Night assault 

According to reports, Friday’s incident attack happened in the middle of the night at the Government Girls Secondary School in Jangebe, Zamfara state. 

“We utterly condemn the attack and call on those responsible to release the girls immediately and for the government to take steps to ensure their safe release and the safety of all other schoolchildren in Nigeria”, Mr. Hawkins said. 

“Children should feel safe at home and at school at all times – and parents should not need to worry for the safety of their children when they send them off to school in the morning.” 

After acknowledging the efforts of the Government of Nigeria to secure the release of kidnapped schoolchildren in Nigeria, the UNICEF official urged the authorities “to make schools safe”. 

Boko Haram threat 

In addition to these armed gangs operating in Nigeria’s northwest, north-central and northern states, Boko Haram extremists still control vast areas of the northeast. 

Nearly seven years ago, Boko Haram – whose name is usually translated as “western education is forbidden” – took 276 girls from their school in Chibok in northeast Nigeria. Many of them remain missing. 

Access to schooling is key 

Despite the dangers – and because of them – humanitarians believe that education should remain a priority for governments, who should also boost access to lessons for the most vulnerable. 

Highlighting how progress is being made against the extremists in the former Boko Haram stronghold of Maiduguri, capital of Borno state, UNICEF’s Peter Hawkins happily described how “thousands of children, tens of thousands of children” have now returned to the classroom – something that not have been imagined during the extremists’ insurgency, which began in 2009. 

Miraculous change is possible 

“If you went to Maidiguri in 2015-2016, there was nothing happening, no schools”, he said. “If you go there now…there are traffic jams of KKs – the three-wheelers around the city transporting children…girls and boys. It’s a miraculous change that has taken place.”  

Friday’s school attack comes just over a week after a similar attack in Niger state on a school for boys. UNICEF is working with partners to confirm the exact number of kidnapped students, currently estimated to be more than 300. 

International Mother Language Day celebrates inclusion at school and in society

The annual commemoration honours linguistic diversity and multilingualism, which UNESCO chief Audrey Azoulay called “this priceless heritage of humanity.”

The focus this year is on inclusion, both in the classroom and in society.

“This is essential, because when 40 per cent of the world’s inhabitants do not have access to education in the language they speak or understand best, it hinders their learning, as well as their access to heritage and cultural expressions,” Ms. Azoulay said in her message for the Day.

“This year, special attention is being paid to multilingual education from early childhood, so that for children, their mother tongue is always an asset,” she added.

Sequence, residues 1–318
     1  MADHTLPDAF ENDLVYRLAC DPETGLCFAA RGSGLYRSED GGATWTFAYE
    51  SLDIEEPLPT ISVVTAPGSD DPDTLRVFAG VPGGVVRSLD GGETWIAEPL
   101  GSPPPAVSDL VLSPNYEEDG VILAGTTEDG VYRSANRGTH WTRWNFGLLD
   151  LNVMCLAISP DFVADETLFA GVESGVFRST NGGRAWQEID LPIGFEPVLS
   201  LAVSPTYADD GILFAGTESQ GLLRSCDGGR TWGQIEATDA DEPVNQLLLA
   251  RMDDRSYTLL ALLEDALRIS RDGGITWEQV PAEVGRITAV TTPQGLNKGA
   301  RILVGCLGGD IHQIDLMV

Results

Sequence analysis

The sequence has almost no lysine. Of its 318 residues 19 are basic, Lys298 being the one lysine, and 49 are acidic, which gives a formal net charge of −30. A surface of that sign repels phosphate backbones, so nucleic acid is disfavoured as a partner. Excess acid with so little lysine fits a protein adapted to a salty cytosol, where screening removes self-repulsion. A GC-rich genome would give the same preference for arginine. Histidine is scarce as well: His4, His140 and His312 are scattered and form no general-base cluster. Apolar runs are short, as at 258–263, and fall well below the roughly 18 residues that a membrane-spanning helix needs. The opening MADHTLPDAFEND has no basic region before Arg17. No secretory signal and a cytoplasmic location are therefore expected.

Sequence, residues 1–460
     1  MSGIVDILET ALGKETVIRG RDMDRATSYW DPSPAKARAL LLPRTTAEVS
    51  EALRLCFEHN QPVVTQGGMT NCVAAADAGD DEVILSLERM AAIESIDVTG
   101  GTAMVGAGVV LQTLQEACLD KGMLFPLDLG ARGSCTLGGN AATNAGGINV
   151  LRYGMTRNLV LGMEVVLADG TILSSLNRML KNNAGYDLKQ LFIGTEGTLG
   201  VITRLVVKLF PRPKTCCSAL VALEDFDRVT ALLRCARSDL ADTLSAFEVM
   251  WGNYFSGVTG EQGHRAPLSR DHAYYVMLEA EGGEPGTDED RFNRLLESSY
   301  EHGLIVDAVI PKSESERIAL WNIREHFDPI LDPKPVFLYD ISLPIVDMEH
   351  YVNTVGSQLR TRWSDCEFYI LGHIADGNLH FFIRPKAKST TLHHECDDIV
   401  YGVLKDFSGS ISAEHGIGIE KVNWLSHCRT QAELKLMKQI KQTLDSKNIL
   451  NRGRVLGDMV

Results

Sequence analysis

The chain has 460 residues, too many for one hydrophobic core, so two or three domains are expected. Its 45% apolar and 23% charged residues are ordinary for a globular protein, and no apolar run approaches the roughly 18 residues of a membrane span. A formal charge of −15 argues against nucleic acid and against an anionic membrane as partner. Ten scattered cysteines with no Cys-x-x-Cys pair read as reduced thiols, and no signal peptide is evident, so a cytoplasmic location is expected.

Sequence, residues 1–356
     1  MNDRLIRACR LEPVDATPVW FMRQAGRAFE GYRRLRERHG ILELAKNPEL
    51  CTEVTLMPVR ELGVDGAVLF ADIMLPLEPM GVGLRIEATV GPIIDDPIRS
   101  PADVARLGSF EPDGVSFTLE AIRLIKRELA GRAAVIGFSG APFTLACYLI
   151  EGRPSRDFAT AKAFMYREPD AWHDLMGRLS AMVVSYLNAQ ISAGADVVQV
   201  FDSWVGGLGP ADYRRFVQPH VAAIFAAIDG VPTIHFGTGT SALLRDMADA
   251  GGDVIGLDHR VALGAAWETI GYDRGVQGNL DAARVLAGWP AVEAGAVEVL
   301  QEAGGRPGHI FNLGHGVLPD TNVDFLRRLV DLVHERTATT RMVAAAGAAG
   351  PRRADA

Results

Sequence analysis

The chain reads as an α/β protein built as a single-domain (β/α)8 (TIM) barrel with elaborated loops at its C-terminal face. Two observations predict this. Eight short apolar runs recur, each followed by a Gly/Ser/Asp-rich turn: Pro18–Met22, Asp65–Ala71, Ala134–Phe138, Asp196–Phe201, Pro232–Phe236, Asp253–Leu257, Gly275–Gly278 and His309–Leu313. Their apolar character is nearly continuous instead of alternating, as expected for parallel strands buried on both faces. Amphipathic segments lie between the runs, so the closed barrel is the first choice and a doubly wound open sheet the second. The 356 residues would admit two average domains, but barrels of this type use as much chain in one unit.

The COVID-19 threat

International Mother Language Day is being celebrated as the world continues to battle the COVID-19 pandemic, which has widened inequalities in education. Ms. Azoulay said many of the 1.5 billion students worldwide unable to attend school at the peak of the crisis had no access to distance learning.  

The pandemic is also threatening cultural diversity, as festivals and other events have been cancelled, with the impacts affecting creators and the media.

Ms. Azoulay underscored her agency’s commitment to promoting multilingualism, including on the Internet. UNESCO is also the lead agency for the International Decade of Indigenous Languages, which begins next year.

Preserving a common heritage

She said the International Day, like the Decade, presents the challenge of ensuring the diversity of the world’s languages is preserved as a common heritage. 

“For when a language dies, a way of seeing, feeling and thinking the world disappears, and all of cultural diversity is irretrievably diminished,” she said.

“On this International Day, UNESCO therefore calls for the celebration of the world in all its diversity, and support for multilingualism in everyday life.”

‘Women and girls belong in science’ declares UN chief  

“Advancing gender equality in science and technology is essential for building a better future”, Secretary-General António Guterres stated, “We have seen this yet again in the fight against COVID-19”. 

Women, who represent 70 per cent of all healthcare workers, have been among those most affected by the pandemic and those leading the response to it. Yet, as women bear the brunt of school closures and working from home, gender inequalities have increased dramatically over the past year.  

Woman’s place is in the lab 

Citing the UN Educational, Scientific and Cultural Organization (UNESCO) he said that women account for only one third of the world’s researchers and hold fewer senior positions than men at top universities, which has led to “a lower publication rate, less visibility, less recognition and, critically, less funding”.